Comfort In God

Finding spiritual comfort in the midst of cancer, it can be done.

The title "Comfort in God" sounds very traditional, but for me, God or my Higher Power, is not traditional at all. I don't believe in a God who does things, creates miracles, gives us lessons, saves people, takes people; a seemingly very popular view of God out in the world.

After I found out that I needed to go back for six more sessions of Taxol in 2012, I spent much of the night crying. I just felt so sad about losing yet another six weeks of my life to exhaustion. I had so wanted to be done with all of this and I was afraid the chemo would go on and on and on.

But then I received an email from my friend Emmy talking about those spiritual things. The message was good. But it was really, really good in that it reminded me of my favorite spiritual writer, Etty Hillesum. Etty was a young Jewish woman in the Netherlands during WWII. She was part of the intelligentsia, privileged, self-absorbed. And she kept a journal. In the midst of writing that journal, she took on the task of praying. And that praying changed her.

She found comfort, she found truth about others, she found greater compassion. One of her main tenets in her belief in God was that God is inside all of us (very Quaker) and that God doesn't do things, change things, intervene. God is here to comfort. Many clerics in the world, I've found, also hold this theology but I rarely hear it spoken in sermons. I wish they would talk about it more often.

I'll never forget the Sunday a guest priest spoke at my church, just after my mother died. He worked at Walter Reed Hospital, the hospital that helps the war-wounded heal and return to society. He was there to minister to these men and boys. In the sermon that morning he talked about how often a soldier, who saw his buddy die in the same conflict that injured him as well, felt survival guilt. The soldier would say, "God must have saved me for a reason." The priest would pause, and then reply, "That would be a cruel god who would take one man and save another for a reason, leaving family, loved ones and you in indescribable pain. God is here to comfort us. Not to choose who dies." Hearing this theology spoken openly in a sermon was a moving moment for me, as I struggled with the sudden death of my mother and best friend.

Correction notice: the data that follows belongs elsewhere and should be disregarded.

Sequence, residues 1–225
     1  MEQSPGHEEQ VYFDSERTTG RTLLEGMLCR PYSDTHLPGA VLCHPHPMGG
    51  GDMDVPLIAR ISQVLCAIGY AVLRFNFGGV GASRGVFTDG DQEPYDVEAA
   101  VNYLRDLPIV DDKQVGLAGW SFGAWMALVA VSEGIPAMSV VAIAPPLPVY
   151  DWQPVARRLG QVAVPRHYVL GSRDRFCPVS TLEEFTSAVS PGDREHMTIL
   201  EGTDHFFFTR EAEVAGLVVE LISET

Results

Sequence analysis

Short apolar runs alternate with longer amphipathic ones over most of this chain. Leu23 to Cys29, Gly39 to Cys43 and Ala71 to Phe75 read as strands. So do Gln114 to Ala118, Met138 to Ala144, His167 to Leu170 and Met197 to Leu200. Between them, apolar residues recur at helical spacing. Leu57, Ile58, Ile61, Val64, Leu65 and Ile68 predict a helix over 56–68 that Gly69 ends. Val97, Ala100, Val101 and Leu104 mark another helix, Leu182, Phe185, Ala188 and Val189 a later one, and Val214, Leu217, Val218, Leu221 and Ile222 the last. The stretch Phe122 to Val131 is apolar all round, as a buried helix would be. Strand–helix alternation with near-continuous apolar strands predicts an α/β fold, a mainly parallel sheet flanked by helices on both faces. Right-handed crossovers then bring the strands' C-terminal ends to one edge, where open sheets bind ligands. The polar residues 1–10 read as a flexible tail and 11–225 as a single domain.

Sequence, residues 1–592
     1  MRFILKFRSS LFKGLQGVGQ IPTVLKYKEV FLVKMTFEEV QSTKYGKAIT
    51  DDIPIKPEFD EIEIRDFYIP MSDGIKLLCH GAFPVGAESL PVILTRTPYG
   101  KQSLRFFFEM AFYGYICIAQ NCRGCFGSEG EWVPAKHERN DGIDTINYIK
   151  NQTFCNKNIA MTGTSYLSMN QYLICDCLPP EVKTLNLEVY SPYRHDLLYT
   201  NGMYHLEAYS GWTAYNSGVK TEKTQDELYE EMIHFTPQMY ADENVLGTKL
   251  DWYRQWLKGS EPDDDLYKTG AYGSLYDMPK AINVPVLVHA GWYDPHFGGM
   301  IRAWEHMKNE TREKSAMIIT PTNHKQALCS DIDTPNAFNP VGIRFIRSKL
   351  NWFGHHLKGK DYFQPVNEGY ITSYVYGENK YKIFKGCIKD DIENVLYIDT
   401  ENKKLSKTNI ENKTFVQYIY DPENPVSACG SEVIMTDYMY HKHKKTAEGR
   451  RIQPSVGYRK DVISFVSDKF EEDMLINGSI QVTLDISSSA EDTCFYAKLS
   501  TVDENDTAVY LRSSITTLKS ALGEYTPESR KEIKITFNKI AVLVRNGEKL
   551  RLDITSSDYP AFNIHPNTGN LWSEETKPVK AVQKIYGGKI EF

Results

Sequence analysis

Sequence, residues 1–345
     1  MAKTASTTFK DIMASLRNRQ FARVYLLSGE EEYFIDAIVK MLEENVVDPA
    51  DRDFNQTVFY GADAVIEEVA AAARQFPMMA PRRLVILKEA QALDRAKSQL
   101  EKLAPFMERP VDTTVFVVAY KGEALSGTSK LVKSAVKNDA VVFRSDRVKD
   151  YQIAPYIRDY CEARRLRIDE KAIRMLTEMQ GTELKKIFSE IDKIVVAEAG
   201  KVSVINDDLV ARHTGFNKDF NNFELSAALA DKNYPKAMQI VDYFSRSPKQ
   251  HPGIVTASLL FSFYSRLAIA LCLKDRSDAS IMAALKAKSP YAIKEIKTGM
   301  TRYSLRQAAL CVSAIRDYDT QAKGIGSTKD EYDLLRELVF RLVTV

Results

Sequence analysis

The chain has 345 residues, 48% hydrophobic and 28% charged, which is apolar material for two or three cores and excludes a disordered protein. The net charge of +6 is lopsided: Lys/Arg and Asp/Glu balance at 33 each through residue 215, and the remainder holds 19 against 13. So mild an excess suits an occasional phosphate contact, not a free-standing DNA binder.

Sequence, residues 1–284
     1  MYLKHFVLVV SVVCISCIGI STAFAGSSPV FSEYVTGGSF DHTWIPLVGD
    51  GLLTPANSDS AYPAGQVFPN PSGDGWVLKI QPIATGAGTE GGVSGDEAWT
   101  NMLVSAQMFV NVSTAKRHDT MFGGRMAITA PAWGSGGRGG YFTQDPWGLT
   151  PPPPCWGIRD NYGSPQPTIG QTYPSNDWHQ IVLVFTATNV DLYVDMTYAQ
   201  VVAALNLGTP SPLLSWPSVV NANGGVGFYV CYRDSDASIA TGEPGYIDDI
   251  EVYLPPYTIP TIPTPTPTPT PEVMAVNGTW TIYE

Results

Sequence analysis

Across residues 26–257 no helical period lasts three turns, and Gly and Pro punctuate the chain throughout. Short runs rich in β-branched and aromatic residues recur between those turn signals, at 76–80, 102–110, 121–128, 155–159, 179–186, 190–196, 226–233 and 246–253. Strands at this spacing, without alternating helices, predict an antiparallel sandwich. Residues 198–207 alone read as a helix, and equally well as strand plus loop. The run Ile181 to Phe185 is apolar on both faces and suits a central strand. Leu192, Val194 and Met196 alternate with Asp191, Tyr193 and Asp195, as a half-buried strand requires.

This theology has comforted me and helped me feel safe to turn to my God for comfort -- I never trusted a God who would blithely send horrific lessons or cruelly choose to take my loved ones away. This God of comfort got me through my Mom's death in 2008, my friend Joe's suicide in 2009, my sister Melissa's death in February 2011, and only two months later, my good friend Thann's cancer death in May 2011.

And it helped me fend off comments from folks who meant well, but would say, "God had a reason to take your mom." I would politely reply, "I don't believe God takes people."

This has not been a good period of time for me and I need all the comfort I can get. Reading Etty Hillesum's writings has meant I was able to once again squash the idea of a cruel, lesson-teaching God and reacquaint myself with a God who comes in comfort. So thank you, Emmy, for reminding me to go back and read Etty. The passage below never fails to do the trick. If Etty Hillesum can find God's comfort in the midst of massive human suffering, cruelty and pain, I can feel safe to find comfort in my God in the midst of my own suffering, fear and pain.

Now I hope my God of comfort will get me through all my treatments, no matter how long it takes, and hopefully the long-term survival of stage 4 breast cancer. The results of the CT scan that week in 2012 were actually very good, with statements like "IMPRESSIONS: Marked decrease in metastatic disease within the liver, with the liver now appearing smaller and micronodular secondary to treatment." So, I was sad about more chemo, and at the same time grateful for my marked improvement. And I can always find comfort in my loved ones and my comforting God.

Etty Hillesum's writing:

Sunday morning prayer. "Dear God, these are anxious times. Tonight for the first time I lay in the dark with burning eyes as scene after scene of human suffering passed before me. I shall promise You one thing, God, just one very small thing. I shall never burden my today with cares about my tomorrow, although that takes some practice. Each day is sufficient unto itself. I shall try to help You, God, to stop my strength ebbing away, though I cannot vouch for it in advance. But one thing is becoming increasingly clear to me: that You cannot help us, that we must help You to help ourselves. And that is all we can manage these days and also all that really matters: that we safeguard that little piece of You, God, in ourselves. And perhaps in others as well. Alas, there doesn't seem to be much You Yourself can do about our circumstances, about our lives. Neither do I hold you responsible. You cannot help us, but we must help You and defend Your dwelling place inside us to the last. There are, it is true, some who, even at this last stage, are putting their vacuum cleaners and silver forks and spoons in safekeeping instead of guarding You, dear God. And there are those who want to put their bodies in safekeeping but who are nothing more now than a shelter for a thousand fears and bitter feelings. And they say, 'I shan't let them get me into their clutches.' But they forget that no one is in their clutches who is in Your arms. I am beginning to feel a little more peaceful, God, thanks to this conversation with You. I shall have many more conversations with You. You are sure to go through lean times with me now and then, when my faith weakens a little, but believe me, I always labor for You and remain faithful to You and I shall never drive You from my presence."

(From Etty Hillesum: An Interrupted Life and Letters from Westerbork, Henry Holt and Company, Inc, 1996, p 178.)